Many agree the Affordable Care Act is in desperate need of reform. Some Texas families are paying more for their health insurance than they pay for their mortgages. They are also getting less access to care. According to their websites, University of Texas M.D. Anderson Cancer Center in Houston and UT Southwestern Medical Center in Dallas are just a few of the centers of excellence that no longer accept individual Affordable Care Act plans.

Sens. Lindsey Graham, R-S.C.; Bill Cassidy, R-Louisiana; Dean Heller, R-Nebraska; and Ron Johnson, R-Wisconsin, have introduced a proposal to radically change all this. Roughly speaking, if a state is satisfied with the Affordable Care Act, it can keep it. But if Texas wants better, more affordable insurance, it would be able to have it.

According to a recent Congressional Budget Office report, close to 30 million peoplenationwide are uninsured and that number isn’t expected to change much. The reason: Millions of people have decided that the products being offered are not worth the premiums being charged. The Graham-Cassidy bill allows insurers to offer a more attractive package of benefits for a lower premium. Judicious use of risk pools and reinsurance would also help - especially with high-cost enrollees migrating from group to individual insurance. If Texas established a dedicated source of funding for this purpose, it should be able to reduce premiums in the non-group market by as much as 50 percent.

Low- and moderate-income families are being forced to buy coverage that is completely inappropriate for their financial circumstances and health status. Instead of insurance that has unlimited annual and lifetime limits and a $13,000 deductible, would they rather have more limited coverage along with a lower deductible and a health savings account? Limited benefit insurance would give the family easy entry into the system, but would leave some very expensive cases for the safety net (which is a more appropriate way of funding them, anyway).

At least one plan could be offered with a premium that is no more than the subsidy the state provides. Since these plans would require no out-of-pocket payment by the enrollee, people could be automatically enrolled through the food stamp program, by H&R Block, at the Department of Motor Vehicles and in other ways. Universal coverage could be a reality rather than an empty slogan.

One of the worst features of Obamacare is the extremely inequitable treatment of people who are offered insurance at work versus people who purchase their own coverage. Employers of low-wage workers are offering bronze plans with very high deductibles in return for a premium that is 9.5 percent of their wages. For family coverage, some employees face premiums that are one-third of their income. If employees turn down these offers (which almost all do), neither the employees nor their dependents are eligible for highly subsidized insurance in the exchanges.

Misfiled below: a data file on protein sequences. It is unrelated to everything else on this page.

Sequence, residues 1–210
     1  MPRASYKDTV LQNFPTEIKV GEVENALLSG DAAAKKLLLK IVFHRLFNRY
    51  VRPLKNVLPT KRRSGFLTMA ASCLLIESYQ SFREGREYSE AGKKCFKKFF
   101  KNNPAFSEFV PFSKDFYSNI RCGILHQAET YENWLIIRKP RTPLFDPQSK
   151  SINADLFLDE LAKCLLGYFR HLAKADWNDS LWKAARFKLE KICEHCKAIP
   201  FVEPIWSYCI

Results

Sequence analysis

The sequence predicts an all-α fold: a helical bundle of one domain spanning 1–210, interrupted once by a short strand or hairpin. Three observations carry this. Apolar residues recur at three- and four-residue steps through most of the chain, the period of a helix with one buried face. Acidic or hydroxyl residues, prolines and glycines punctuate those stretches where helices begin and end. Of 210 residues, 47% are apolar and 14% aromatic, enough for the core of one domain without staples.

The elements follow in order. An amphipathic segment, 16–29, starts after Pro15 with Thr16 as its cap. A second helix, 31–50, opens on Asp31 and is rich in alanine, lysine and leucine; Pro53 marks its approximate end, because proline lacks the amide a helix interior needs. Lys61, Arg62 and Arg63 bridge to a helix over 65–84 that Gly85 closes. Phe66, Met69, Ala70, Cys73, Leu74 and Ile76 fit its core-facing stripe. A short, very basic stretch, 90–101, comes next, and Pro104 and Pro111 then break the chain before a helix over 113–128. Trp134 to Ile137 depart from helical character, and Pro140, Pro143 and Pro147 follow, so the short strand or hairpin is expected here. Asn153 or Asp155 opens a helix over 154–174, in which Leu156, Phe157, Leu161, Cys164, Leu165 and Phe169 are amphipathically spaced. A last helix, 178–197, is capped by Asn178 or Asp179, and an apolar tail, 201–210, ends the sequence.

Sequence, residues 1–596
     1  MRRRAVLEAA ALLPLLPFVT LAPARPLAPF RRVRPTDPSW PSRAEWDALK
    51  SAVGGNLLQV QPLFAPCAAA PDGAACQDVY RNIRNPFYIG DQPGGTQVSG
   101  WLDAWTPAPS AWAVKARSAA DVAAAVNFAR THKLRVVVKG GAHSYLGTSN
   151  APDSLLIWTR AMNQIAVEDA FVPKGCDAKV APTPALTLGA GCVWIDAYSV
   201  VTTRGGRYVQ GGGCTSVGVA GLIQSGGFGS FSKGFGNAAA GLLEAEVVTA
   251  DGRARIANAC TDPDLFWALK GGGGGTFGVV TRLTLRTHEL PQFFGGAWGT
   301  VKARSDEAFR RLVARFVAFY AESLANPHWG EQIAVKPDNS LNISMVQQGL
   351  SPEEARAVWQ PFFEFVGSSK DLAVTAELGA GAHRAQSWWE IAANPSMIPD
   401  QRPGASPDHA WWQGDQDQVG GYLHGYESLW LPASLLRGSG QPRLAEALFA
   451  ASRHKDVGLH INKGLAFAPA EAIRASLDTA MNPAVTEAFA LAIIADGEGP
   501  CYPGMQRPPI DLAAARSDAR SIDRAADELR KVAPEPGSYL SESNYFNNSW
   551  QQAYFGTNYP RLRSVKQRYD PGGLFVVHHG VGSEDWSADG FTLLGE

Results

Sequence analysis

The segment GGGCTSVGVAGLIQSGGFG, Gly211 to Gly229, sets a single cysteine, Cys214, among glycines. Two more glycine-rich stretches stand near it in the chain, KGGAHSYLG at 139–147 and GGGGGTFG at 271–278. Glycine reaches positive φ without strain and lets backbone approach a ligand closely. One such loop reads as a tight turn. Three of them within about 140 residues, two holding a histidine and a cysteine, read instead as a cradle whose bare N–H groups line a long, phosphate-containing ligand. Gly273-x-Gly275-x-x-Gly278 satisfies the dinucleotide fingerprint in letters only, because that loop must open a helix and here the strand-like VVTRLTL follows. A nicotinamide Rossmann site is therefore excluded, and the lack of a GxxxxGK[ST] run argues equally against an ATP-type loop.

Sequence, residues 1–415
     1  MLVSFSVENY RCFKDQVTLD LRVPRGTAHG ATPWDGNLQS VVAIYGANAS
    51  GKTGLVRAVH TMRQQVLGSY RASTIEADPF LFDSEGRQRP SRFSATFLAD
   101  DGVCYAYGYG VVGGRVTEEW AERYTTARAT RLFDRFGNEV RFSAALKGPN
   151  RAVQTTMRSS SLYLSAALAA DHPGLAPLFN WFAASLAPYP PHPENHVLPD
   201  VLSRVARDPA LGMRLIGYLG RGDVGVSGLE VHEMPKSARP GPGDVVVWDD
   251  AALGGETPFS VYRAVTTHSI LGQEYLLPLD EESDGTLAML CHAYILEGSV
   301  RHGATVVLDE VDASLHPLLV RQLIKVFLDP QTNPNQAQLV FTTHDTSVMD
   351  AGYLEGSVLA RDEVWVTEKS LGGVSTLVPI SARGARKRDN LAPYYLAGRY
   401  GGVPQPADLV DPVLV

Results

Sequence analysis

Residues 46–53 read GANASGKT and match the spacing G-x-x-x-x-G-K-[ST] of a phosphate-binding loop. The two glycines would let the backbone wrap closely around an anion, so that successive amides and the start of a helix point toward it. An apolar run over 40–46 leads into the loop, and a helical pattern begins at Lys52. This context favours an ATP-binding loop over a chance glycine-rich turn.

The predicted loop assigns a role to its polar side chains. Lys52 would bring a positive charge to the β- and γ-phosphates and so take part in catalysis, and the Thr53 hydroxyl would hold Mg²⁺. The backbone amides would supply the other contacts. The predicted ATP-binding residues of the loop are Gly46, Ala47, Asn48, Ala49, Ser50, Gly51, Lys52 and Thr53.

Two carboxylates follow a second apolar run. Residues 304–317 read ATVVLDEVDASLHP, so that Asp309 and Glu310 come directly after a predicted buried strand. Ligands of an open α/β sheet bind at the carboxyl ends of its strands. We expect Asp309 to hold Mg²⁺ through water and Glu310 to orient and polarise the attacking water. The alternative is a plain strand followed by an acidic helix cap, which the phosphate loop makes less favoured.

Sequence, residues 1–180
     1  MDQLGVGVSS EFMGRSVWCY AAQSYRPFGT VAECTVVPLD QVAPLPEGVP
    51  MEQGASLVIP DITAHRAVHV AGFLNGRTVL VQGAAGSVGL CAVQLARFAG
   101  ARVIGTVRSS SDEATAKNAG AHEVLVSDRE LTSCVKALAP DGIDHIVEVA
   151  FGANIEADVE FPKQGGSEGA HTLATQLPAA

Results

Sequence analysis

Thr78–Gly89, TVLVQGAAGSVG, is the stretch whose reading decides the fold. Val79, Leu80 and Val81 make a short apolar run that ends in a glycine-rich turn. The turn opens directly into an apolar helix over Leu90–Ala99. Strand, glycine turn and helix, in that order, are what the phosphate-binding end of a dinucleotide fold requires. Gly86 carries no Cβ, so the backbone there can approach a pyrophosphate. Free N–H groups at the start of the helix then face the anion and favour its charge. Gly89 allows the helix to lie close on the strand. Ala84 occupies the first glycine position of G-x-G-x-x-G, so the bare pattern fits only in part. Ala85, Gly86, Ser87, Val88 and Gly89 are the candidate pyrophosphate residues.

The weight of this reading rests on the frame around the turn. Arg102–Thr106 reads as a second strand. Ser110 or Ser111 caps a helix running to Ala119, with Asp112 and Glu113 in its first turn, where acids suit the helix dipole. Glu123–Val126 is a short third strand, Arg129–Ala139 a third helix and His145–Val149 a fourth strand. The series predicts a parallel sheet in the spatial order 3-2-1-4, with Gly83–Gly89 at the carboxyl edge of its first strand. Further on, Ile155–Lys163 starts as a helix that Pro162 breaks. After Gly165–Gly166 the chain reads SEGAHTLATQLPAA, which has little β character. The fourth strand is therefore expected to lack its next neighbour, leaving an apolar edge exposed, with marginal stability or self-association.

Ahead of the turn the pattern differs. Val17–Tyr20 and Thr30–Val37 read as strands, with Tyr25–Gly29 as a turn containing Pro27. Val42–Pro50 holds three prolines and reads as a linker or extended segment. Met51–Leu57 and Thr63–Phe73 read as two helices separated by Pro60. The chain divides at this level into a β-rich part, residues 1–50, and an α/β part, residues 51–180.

Under Graham-Cassidy, the employer and individual mandates go away and Texas could equalize the subsidy offered in the group and individual markets for low-income families. This would be especially important in areas of the state where the non-group market has become completely dysfunctional and group insurance is cheaper and better.

Currently, a large number of people are gaming the system by remaining uninsured while they are healthy and insuring only after they get sick. Because of a 90-day grace period which allows people to continue to get care after they quit paying premiums, people are also dropping coverage to avoid paying premiums at year end. Of those who are enrolled in January, roughly 25 percent drop their coverage before the year is out, according to the Department of Health and Human Services. Some sources estimate that roughly half of those re-enroll for half the year.

Additionally, some people buy bronze plans while they are healthy and then upgrade after they get sick. This type of behavior unfairly shifts costs onto other people. Under Graham-Cassidy, states will be able to require individuals to pay more out of their own pockets when they engage in these activities.

Texans could also gain access to personalized care. At $50 per month for an adult and $10 for a child, the cost of direct pay medicine, known as concierge care, has come down to a level that should make it accessible to almost everyone. Graham-Cassidy allows these fees to be paid from a Health Savings Account or by a third-party insurer.

Centers of excellence would be able to specialize in specific diseases, such as cancer care, heart disease and diabetes. They would be able to ask health questions and screen applicants to help get the right patient to the right plan.

In a New York Times article, Cassidy notes that four states: California, New York, Maryland and Massachusetts, receive 37 percent of all Obamacare funds.

Graham-Cassidy would change that by giving each state a block grant equal to its share of the country’s poor and near-poor population. Texas would be a big winner under this fairer allocation, getting $17.8 billion in additional funding over the next 10 years.

Graham-Cassidy would also limit the future growth of Medicaid to something we can afford. This feature is no different from what Bill Clinton and many Democrats proposed only a few years ago. It is similar in spirit to the limits Democrats imposed on Medicare when they created Obamacare.

Under Graham-Cassidy, Texans could have better care at half the price. Let’s hope Congress gives us that opportunity.